An Introduction To Paid Search Conversion Tracking
If you asked most marketers what’s the biggest draw of online advertising, you’ll often hear is that it is highly measurable. Interactivity (the ability to click and engage) is certainly a huge benefit as well, but if you’re a marketer who is spending significant dollars on your advertising, just getting people to interact with your advertising is not as important as knowing if it was achieving whatever goals or return on investment (ROI) that the budget was earmarked for in the first place.
Since the first caveman got rich by spreading a word of mouth campaign that his clubs were bigger and heavier than the other guy’s, advertisers have known that marketing works. Marketing has evolved in many ways over the years and become more and more efficient, yet accurate tracking still eludes us. There have certainly been strides in perfecting offline measurement techniques in the form of television set-top monitoring, surveys, brand studies, etc, but it’s directional at best. Some large advertisers have been able to sink significant budgets into their data teams and have been able to crack the nut, but true ROI measurement has eluded most advertisers. It’s kind of been the mentality of “Well, my business was up (or down) this year so my advertising probably contributed to that.”
Because online marketing is electronic, every transaction leaves some kind of digital footprint. For every online sale, lead generation form completion, download, video view, etc., we can trace back that influence to some detail. In paid search, once your tracking is implemented, you will be able to see which keywords helped to contribute to your online conversions. Not only will this help you analyze whether or not your spend is working or not, but it will also give you some powerful data to optimize your accounts and increase the performance on those elements. A blunt example of this would be if keyword #1 is driving a ton of sales and keyword #2 is not driving any, you may decide to pause keyword #2 and funnel that budget to keyword #1.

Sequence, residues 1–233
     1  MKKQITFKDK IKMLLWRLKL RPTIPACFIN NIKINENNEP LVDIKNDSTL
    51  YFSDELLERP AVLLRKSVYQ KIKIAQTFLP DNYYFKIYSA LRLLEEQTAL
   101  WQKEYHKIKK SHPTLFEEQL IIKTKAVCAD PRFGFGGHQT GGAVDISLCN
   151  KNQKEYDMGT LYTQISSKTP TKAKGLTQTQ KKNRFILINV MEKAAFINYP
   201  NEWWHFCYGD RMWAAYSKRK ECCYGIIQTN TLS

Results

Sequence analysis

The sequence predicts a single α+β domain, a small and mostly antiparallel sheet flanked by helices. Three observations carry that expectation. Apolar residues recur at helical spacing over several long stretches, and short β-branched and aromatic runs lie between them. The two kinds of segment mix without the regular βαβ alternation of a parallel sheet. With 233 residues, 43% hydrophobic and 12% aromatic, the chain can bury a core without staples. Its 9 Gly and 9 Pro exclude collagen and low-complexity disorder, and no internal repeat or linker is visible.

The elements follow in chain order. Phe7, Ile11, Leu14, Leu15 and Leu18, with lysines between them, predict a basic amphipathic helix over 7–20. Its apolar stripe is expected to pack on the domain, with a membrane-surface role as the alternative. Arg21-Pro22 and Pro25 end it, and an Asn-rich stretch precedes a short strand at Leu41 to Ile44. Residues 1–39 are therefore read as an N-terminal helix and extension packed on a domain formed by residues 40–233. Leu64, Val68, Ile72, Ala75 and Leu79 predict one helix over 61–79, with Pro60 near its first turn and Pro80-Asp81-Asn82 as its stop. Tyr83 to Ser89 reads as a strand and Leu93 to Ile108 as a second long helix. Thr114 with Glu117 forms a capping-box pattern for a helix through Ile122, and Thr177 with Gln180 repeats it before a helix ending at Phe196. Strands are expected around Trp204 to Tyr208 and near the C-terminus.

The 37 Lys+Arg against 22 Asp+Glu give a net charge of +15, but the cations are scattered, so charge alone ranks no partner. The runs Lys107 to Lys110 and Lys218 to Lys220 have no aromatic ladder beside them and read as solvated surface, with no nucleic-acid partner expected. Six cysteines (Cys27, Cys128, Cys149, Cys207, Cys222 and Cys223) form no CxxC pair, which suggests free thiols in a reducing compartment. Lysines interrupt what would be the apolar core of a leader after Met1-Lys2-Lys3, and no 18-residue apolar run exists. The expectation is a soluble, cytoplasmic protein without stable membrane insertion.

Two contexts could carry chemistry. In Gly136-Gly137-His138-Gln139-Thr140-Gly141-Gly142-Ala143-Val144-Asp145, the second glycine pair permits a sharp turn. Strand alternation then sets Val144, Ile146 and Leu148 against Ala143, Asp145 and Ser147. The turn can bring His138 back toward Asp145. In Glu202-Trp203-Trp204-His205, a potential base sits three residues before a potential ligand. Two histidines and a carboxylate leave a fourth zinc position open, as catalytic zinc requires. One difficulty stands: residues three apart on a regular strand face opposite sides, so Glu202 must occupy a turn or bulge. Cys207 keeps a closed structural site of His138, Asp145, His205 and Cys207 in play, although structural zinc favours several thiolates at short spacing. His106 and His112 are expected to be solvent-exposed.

How tracking works
The concept is fairly simple. You will generate a small snippet of code from the engine platform and place it on various pages of your website (it’s invisible to users). When a user clicks one of your ads, their browser is cookied with that information. If that same user reaches one of those pages with the engine code, a conversion is recorded. So, if you want to see if someone filled out a lead gen form or completed a sale, you would put the conversion code on the thank you/order confirmation/receipt page which comes up after they’ve completed an action. For retail sites, there are special ecommerce tracking codes which can be set to record the order amount, number of products, names of products, etc. So, for example, instead of seeing that keyword #1 brought in 100 conversions last month, you actually see 100 conversions that equaled $1295 in sales. This is obviously a very good way to compare your PPC spend with the actual sales generated.